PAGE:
Gethsemani, Abbey of

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A monastery of Cistercian Monks of the Strict Observance (Trappists) situated about 15 miles south of Bardstown, Ky., and considered one of the historical monuments of the Commonwealth. Unsuccessful attempts had been made in 1805 by Dom Urban Guillet and Trappist refugees from revolutionary France to establish a permanent community in this part of Kentucky. On Dec. 21, 1848, a colony of 44 monks from the Breton Abbey of Melleray, near Nantes, settled on this site which had been purchased from the Sisters of Loretto. Gethsemani was the first monastic community in the U.S. to be raised to abbatial rank (1851). The first abbot, Eutropius Proust, was blessed in Bardstown cathedral on Oct. 26, 1851, by Bp. Benedict Flaget.

During this early period, the strict rule, plus the rigors of the primitive and isolated life of the monks, discouraged postulants from entering or persevering. Under its third abbot, Edward Chaix Bourbon (resigned 1898), the Gethsemani community was on the point of expiring when it was revived by the energetic administration of Edmond obrecht (18981935).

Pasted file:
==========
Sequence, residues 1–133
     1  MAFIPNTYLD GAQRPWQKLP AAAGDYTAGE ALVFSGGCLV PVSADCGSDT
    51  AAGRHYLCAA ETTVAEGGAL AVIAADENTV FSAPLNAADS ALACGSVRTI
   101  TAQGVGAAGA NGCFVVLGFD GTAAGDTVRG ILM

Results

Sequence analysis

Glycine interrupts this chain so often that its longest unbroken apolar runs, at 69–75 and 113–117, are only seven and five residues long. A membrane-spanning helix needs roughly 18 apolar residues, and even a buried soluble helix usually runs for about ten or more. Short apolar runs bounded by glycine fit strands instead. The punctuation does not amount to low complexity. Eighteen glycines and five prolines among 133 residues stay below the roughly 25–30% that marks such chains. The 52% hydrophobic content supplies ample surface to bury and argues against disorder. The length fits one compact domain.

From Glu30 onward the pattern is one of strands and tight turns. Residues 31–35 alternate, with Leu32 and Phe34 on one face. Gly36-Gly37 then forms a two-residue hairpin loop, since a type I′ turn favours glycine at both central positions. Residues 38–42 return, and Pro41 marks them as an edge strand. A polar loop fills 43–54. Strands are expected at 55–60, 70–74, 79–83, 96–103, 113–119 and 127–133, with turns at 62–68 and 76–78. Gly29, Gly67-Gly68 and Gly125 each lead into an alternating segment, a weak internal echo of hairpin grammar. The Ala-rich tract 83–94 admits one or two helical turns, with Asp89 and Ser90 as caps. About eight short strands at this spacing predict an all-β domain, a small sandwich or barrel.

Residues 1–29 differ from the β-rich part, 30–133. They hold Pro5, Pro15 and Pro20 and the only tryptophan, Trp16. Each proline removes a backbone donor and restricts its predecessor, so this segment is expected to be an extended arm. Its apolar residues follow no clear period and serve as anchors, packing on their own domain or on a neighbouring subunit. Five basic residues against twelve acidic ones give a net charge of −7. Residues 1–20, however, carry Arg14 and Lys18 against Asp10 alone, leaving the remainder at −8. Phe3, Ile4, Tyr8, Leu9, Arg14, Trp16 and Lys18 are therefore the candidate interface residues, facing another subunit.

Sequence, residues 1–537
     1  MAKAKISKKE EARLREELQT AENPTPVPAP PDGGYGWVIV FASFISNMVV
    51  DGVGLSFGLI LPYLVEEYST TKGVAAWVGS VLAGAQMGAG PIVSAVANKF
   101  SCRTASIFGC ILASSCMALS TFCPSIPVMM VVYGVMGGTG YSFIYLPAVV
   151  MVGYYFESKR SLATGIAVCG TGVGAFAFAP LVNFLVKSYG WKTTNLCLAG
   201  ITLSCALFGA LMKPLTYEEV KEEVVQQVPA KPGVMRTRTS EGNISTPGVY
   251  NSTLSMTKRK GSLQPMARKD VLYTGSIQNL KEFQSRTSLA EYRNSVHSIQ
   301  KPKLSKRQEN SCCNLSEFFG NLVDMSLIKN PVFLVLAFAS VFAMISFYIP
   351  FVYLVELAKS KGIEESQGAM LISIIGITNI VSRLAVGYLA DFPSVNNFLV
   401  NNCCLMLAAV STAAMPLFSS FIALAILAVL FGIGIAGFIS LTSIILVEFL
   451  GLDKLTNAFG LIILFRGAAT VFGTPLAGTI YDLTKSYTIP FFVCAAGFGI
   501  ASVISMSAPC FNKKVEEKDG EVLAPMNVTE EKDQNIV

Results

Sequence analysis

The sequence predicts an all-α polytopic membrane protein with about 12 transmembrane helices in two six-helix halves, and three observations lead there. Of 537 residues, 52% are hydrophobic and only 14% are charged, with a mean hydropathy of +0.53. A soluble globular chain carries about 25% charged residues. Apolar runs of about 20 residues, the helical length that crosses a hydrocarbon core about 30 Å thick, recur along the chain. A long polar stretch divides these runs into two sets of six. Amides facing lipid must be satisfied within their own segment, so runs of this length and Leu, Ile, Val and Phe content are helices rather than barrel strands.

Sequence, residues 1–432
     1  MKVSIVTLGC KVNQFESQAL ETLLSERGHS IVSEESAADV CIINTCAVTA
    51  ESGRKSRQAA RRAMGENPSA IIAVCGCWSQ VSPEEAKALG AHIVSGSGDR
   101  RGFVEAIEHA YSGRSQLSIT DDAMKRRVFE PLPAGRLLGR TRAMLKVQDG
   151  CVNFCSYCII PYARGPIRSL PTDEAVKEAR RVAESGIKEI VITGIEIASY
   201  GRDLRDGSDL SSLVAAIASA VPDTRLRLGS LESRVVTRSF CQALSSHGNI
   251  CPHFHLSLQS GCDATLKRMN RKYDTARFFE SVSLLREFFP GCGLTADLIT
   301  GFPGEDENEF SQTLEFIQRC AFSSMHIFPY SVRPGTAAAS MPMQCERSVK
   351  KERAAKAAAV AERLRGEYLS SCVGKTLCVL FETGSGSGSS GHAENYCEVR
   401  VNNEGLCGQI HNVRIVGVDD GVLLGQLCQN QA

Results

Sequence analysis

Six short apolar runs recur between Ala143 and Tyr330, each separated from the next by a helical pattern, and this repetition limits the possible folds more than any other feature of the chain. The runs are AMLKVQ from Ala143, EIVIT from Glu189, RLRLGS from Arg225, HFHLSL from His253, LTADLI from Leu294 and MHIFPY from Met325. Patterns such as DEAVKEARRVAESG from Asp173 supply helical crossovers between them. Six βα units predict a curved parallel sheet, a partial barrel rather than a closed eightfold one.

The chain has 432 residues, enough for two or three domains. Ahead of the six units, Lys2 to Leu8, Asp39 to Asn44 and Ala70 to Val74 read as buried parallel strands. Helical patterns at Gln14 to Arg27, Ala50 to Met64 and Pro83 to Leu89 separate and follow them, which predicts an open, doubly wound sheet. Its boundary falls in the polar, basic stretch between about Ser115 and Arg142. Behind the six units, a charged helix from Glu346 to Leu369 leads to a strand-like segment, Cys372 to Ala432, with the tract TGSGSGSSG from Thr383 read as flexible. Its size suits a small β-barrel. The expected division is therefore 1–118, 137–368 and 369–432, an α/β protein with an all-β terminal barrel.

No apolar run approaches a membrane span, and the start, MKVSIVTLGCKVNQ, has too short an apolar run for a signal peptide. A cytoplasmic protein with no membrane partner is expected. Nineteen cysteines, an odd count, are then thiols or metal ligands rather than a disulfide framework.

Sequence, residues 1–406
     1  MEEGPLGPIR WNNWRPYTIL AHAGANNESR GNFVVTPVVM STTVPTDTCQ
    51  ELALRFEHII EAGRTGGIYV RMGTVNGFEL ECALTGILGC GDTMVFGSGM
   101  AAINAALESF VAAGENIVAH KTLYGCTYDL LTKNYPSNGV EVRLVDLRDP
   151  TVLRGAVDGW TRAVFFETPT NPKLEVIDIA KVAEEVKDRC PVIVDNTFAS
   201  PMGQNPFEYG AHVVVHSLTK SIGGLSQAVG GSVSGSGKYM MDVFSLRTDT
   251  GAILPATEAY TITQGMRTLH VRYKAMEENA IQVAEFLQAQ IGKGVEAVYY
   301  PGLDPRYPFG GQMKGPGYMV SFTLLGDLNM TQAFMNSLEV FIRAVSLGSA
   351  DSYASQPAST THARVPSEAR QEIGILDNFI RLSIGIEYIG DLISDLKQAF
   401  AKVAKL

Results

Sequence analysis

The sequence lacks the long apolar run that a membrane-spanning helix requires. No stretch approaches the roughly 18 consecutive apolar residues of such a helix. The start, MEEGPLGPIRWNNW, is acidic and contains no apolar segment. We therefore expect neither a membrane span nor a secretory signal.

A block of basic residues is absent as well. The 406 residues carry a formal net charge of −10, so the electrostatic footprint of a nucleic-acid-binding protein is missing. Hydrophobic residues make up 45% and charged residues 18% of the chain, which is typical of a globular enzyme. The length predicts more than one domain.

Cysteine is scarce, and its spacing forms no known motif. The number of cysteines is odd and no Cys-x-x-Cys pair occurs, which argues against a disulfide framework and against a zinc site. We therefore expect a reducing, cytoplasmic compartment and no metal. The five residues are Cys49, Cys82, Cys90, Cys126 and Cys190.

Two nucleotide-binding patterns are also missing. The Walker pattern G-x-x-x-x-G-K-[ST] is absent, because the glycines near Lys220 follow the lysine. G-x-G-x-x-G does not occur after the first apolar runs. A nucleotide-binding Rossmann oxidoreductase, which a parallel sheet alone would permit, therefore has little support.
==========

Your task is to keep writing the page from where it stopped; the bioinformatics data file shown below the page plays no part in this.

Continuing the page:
Gethsemani's history in the mid20th century was marked by an extraordinary influx of vocations, reaching a climax in 1952 when the community numbered 279. Although it is often wrongly stated that this unusual growth began suddenly after World War II, in actual fact it had already begun by the late 1930s. Under the fifth abbot, Frederick dunne (193548), the first American-born postulant to persevere as a choir monk at Gethsemani, the first two foundations of Gethsemani were made at Conyers, Ga. (1944) and at Huntsville, Utah (1947). The next abbot, James Fox, made foundations on the Luce Plantation at Mepkin, S.C. (1949), at Piffard, N.Y. (1951), and on Vina Ranch in the Sacramento Valley of California (1955). The abbatial church of Gethsemani was elevated to the rank of a minor basilica on May 3, 1949.

Bibliography: t. merton, The Waters of Siloe (New York 1949). m. raymond, The Man Who Got Even with God (Milwaukee 1941); Burnt out Incense (New York 1949); The Less Traveled Road (Milwaukee 1953).

[t. merton/eds]